Mixing Metaphors to Change the Language of Cancer


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Ms. Mitchell—when she doesn’t succumb to the sirens of metaphor—has written a well-balanced narrative about a cancer patient’s interesting and provocative journey from diagnosis to monitored survivorship. Although this book will please many science-loving laypersons, it is not recommended for readers of The ASCO Post, who might bristle at the mixing of metaphors with the serious business of caring for cancer patients.

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Title: Malignant Metaphor: Confronting Cancer Myths
Author:  Alanna Mitchell
Publisher: ECW Press
Publication date: September 15, 2015
Price: $24.95; hardcover, 184 pages

Illness is the night-side of life, a more onerous citizenship. Everyone who is born holds dual citizenship, in the kingdom of the well and in the kingdom of the sick.” So begins the small classic Illness as Metaphor, by Susan Sontag. Considered one of the most liberating books of its time, Ms. Sontag, a cancer patient when she was writing the book, shows how the metaphors and myths surrounding certain illnesses, especially cancer, add greatly to the suffering of patients and often inhibit them from seeking proper treatment.

Ms. Sontag’s book was published in 1977, and even though it remains in print and is revered by her large fan base, things have changed for the better in the world of cancer metaphors that she eloquently described. Ms. Sontag died of leukemia at Memorial Sloan Kettering Cancer Center in 2004.

Inevitable Comparisons

In a new book, science writer Alanna Mitchell takes a risk with the title: Malignant Metaphor. Once Ms. Mitchell stepped into the cancer metaphor territory that was staked out by Susan Sontag, she left her book open to inevitable comparisons, at least on its intellectual merit, to the iconic Illness as Metaphor. And she adds fuel to this fire by referencing Illness as Metaphor numerous times.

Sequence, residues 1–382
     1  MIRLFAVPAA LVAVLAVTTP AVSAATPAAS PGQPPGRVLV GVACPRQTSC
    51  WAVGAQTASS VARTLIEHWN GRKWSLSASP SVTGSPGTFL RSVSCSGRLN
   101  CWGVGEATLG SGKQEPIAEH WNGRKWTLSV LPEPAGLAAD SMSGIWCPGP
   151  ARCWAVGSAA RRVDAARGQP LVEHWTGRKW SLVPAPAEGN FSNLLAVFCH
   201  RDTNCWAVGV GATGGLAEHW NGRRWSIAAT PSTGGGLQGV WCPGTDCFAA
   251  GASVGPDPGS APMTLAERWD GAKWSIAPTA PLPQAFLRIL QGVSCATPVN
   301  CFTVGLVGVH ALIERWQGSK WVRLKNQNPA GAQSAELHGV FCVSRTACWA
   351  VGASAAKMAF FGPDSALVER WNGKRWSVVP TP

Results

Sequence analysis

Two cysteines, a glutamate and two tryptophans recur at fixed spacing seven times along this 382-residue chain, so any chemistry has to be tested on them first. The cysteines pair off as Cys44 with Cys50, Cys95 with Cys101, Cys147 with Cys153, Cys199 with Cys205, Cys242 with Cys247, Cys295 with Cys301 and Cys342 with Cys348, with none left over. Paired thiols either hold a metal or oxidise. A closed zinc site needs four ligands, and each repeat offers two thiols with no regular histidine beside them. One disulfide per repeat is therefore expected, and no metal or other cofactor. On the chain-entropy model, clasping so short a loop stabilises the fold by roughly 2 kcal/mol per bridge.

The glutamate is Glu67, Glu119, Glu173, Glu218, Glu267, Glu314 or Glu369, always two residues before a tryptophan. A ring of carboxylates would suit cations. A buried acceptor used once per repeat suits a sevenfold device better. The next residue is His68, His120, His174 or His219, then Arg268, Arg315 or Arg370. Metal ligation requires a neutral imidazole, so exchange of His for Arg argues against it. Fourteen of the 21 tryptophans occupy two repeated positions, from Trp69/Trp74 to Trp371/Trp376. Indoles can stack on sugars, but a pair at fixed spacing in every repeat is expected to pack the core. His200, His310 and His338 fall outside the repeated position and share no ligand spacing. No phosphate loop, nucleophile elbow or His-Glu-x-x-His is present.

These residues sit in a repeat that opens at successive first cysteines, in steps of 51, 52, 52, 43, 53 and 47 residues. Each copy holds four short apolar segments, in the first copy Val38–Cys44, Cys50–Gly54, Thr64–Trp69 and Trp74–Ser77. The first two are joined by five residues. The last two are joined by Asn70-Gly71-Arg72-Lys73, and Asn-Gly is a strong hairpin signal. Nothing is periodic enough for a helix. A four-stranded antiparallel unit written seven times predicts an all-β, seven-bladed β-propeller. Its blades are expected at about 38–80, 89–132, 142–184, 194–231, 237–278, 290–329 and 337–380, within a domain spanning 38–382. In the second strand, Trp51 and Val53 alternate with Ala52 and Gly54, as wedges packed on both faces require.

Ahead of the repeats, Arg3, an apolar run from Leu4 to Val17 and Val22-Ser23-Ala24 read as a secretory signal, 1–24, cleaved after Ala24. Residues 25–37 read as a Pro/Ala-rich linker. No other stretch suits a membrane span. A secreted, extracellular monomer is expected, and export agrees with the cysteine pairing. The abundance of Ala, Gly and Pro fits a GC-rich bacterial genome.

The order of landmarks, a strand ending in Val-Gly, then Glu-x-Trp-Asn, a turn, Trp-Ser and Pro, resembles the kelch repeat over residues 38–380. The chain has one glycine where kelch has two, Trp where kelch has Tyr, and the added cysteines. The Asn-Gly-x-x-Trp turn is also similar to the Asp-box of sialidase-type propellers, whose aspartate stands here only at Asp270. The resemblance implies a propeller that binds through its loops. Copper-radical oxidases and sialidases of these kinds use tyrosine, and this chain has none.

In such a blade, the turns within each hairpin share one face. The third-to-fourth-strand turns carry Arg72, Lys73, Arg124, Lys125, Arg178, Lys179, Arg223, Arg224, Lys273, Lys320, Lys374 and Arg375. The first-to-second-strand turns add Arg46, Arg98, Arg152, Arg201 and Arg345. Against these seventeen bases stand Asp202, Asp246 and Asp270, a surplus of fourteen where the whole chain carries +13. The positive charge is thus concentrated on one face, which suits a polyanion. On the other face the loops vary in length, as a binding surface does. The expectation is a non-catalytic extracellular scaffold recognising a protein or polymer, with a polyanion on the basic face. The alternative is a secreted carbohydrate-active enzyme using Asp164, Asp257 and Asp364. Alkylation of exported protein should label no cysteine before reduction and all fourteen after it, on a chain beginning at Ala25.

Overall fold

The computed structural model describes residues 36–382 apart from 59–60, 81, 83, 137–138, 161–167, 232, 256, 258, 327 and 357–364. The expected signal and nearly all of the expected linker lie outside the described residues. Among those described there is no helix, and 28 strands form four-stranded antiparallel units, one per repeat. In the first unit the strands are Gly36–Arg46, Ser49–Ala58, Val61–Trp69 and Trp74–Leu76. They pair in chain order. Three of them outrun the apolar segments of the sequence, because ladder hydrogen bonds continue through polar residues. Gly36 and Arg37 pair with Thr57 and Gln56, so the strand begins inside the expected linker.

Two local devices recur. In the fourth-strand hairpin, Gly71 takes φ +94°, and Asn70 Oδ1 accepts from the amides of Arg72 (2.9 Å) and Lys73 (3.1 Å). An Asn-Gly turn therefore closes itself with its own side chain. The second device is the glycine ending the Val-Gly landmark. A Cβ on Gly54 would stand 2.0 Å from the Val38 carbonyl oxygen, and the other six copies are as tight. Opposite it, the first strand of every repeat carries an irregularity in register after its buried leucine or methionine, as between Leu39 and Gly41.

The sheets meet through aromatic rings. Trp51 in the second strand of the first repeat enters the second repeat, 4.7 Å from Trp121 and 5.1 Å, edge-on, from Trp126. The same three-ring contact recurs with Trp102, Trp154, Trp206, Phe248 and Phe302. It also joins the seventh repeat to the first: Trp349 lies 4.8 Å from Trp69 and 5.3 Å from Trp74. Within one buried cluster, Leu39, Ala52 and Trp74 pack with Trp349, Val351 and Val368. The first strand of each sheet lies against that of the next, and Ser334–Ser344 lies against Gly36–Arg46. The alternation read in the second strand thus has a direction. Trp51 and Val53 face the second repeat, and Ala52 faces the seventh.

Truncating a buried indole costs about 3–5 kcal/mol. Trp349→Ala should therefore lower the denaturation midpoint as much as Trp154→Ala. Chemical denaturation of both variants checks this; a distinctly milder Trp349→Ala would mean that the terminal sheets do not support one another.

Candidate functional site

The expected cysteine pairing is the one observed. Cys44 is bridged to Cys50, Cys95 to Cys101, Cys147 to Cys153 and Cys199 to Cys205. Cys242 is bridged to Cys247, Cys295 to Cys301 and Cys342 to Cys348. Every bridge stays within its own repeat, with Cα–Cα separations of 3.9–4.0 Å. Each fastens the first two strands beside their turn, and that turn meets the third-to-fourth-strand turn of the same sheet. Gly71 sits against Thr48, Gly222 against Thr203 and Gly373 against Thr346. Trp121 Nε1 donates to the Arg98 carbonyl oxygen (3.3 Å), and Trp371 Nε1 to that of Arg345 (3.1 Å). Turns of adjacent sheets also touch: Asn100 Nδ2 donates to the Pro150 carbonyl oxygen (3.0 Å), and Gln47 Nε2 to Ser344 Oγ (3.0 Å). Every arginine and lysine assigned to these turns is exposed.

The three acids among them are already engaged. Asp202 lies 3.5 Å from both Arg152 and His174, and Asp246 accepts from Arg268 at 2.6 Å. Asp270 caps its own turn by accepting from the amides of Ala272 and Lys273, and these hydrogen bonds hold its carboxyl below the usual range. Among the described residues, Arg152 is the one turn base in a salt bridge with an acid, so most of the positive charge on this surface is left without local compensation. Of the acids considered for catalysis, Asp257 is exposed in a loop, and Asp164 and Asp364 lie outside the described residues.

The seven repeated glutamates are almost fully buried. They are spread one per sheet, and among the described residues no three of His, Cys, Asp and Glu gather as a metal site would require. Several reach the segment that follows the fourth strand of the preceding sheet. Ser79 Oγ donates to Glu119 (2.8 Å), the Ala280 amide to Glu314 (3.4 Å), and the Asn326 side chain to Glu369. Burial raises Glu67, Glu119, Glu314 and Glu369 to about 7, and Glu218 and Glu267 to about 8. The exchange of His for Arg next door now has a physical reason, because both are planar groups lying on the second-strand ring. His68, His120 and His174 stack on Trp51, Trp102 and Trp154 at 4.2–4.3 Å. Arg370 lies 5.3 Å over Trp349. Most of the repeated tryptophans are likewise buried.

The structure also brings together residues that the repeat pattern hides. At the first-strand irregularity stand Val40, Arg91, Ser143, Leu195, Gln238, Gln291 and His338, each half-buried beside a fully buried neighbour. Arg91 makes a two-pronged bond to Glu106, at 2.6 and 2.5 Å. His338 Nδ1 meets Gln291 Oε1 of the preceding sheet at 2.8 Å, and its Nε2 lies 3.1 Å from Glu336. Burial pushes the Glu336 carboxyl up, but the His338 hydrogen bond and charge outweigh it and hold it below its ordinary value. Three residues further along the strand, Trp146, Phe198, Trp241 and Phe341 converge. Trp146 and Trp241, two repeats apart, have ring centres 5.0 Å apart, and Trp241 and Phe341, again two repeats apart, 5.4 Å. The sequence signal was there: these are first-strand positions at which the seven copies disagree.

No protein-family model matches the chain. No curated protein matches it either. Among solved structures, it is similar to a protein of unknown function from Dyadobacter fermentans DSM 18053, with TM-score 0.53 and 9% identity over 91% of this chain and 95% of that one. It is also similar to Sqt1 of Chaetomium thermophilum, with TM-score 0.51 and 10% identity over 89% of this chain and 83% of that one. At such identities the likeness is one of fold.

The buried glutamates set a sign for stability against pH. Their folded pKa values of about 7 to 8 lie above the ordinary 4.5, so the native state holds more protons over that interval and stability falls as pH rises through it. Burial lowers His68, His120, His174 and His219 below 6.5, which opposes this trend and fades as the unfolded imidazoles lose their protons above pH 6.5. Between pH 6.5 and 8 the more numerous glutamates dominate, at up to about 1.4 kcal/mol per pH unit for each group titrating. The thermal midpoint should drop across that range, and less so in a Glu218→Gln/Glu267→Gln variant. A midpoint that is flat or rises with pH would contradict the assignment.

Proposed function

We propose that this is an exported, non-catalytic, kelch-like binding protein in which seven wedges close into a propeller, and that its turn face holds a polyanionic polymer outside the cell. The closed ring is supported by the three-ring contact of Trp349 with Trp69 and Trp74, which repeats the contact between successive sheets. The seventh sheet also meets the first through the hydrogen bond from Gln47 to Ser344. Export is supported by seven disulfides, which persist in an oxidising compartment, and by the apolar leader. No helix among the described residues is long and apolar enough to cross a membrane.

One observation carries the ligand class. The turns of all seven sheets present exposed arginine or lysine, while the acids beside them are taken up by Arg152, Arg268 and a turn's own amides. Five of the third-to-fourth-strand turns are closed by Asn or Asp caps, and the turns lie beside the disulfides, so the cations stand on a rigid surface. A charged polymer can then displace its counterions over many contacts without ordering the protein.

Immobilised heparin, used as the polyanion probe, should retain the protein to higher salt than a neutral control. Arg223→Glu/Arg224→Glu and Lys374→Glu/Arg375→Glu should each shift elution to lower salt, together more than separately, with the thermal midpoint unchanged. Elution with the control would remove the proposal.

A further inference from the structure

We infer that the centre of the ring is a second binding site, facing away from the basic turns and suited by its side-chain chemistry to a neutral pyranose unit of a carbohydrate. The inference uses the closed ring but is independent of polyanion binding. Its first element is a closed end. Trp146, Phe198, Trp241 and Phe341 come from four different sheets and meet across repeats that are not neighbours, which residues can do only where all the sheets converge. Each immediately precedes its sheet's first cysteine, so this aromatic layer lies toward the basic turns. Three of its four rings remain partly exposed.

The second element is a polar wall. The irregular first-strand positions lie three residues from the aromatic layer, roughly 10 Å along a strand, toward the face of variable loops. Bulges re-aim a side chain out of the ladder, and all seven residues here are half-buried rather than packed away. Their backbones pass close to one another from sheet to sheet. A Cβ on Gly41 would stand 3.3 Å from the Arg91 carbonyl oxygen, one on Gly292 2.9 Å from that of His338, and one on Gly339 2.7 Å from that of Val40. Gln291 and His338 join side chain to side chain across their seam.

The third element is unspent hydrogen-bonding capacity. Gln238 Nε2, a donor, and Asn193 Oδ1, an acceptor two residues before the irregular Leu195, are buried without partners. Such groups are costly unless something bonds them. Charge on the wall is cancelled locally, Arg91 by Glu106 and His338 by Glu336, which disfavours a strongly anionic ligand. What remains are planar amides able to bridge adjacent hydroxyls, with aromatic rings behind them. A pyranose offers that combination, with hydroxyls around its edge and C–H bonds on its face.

The title issue aside, Ms. Mitchell, who is touted on the cover as a bestselling, award-winning science writer, informs the reader that she started writing her book because “cancer barged into my life.… First, my beloved brother-in-law, John, got it. Then, my 21-year-old daughter, Calista, was diagnosed and the quest to understand cancer became even more personal.”

The motif of Malignant Metaphor revolves around the author’s brother-in-law, who is diagnosed with malignant melanoma. She throws herself into his world of cancer treatment, which ultimately enters the alternative treatment realm. Along the way, through clinical trials and multiple doctors and cancer quacks, Ms. Mitchell “confronts and debunks cancer myths.” The subtext is the author’s explorations of the untested waters of cancer treatment, during which she encounters the primal fears people have about cancer. She labors to open a door to new ways of looking at this most feared disease.

Historical Allegories

Although this cancer story has been told before with different characters and events, there is always room for a well-written human-interest story dealing with the roller-coaster drama of battling a potentially lethal disease. Ms. Mitchell has a friendly writing style and enough compelling characters and plot points that could have raised her story a cut above most in this genre, had she not been so enamored of the metaphor conceit, her unfortunate references to Susan Sontag, and digressions into historical allegories.

For example, Ms. Mitchell writes, “This cultural gloss on cancer, this malignant metaphor, sows immense, widespread blame, shame and fear onto those who are already ill, often fighting for their lives. It spreads to their loved ones and, by osmosis, to a whole society stricken at the thought of getting the disease. Sontag notes that cancer ‘arouses thoroughly old-fashioned kinds of dread,’ and that it felt to be ‘morally, if not literally, contagious.’”